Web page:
There are no scientific studies in Qatar showing that food served by eateries in fuel stations poses a risk to public health, an expert at the Supreme Council of Health (SCH) has said.
Addressing the regular session of the Central Municipal Council (CMC) on Tuesday, Dr Sheikha Abdullah Al Ziyarah, head of the environmental health section at SCH, said that there were no specific health requirements for eateries located in fuel stations. The regulations apply to all eateries.
The CMC session called for stricter monitoring of commercial outlets located at fuel stations to protect public health and safety.
Al Ziyarah , however, said that there was a clause in the GCC specifications that eateries should be located far from any source of pollution.
She said some studies were conducted in Qatar earlier on the quality of food prepared and served in restaurants located in fuel stations. Samples were collected from such eateries to compare them with food served in restaurants in other locations. However, the results were similar, indicating that they don’t pose any risk to health, said Al Ziyarah.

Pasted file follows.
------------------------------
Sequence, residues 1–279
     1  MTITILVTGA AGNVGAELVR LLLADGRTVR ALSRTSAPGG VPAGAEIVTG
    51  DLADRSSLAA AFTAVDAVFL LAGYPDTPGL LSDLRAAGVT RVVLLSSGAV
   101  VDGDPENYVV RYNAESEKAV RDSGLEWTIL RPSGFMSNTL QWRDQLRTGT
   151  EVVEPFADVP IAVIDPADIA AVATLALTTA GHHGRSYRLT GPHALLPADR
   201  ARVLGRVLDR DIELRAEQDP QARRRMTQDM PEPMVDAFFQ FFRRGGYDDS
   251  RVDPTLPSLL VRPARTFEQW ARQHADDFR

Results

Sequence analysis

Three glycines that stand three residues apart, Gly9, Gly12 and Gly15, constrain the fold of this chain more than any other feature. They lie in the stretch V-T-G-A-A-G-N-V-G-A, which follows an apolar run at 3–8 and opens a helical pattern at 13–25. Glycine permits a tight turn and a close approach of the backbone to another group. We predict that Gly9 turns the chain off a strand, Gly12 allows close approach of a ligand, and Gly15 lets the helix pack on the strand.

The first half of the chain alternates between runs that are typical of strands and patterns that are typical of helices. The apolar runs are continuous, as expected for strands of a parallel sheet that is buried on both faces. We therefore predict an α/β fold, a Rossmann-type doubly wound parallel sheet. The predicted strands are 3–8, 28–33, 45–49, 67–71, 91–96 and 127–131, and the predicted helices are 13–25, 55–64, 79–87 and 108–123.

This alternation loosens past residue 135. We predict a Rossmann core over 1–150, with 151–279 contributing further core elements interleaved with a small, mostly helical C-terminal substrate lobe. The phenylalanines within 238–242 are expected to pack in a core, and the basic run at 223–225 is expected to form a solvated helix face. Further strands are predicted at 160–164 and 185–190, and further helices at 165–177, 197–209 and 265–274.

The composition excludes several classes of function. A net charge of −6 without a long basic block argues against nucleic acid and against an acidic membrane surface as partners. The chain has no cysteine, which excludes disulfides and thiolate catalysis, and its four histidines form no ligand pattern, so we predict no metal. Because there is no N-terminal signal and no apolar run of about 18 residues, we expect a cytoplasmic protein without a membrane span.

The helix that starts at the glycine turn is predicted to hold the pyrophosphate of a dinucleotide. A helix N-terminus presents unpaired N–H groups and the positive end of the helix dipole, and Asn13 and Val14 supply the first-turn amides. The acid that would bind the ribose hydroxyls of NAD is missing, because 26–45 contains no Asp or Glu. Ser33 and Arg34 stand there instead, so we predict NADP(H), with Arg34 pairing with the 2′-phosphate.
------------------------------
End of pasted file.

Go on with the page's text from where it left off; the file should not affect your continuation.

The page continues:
On the impact of exhaust fumes from vehicles on workers and visitors to restaurants in fuel stations, she said it depended on how much the eateries were exposed to the environment outside.
There was a recommendation that eateries in fuel stations cook and pack food elsewhere before serving it to their customers, she noted.
The CMC studied a proposal by its member Mohammed bin Shaheen Al Ateeq Al Dosari seeking stricter monitoring of fuel stations in the wake of the accident in a petrol station near Landmark in February last year.
The CMC urged the Ministry of Municipality and Urban Planning to conduct a study on what types of shops can be allowed in fuel stations.
The civic council said that while selecting commercial outlets, fuel stations should give preference to vehicle repair, maintenance and accessories shops. However, some petrol stations prefer other types of shops.
CMC asked the SCH to conduct a study in collaboration with the Ministry of Labour and Social Affairs on the impact of the odour of fuel on the health of people working in fuel stations.
CMC asked Woqod to consider changing the entrances of commercial shops to ensure that they are not directly exposed to the fuelling area.
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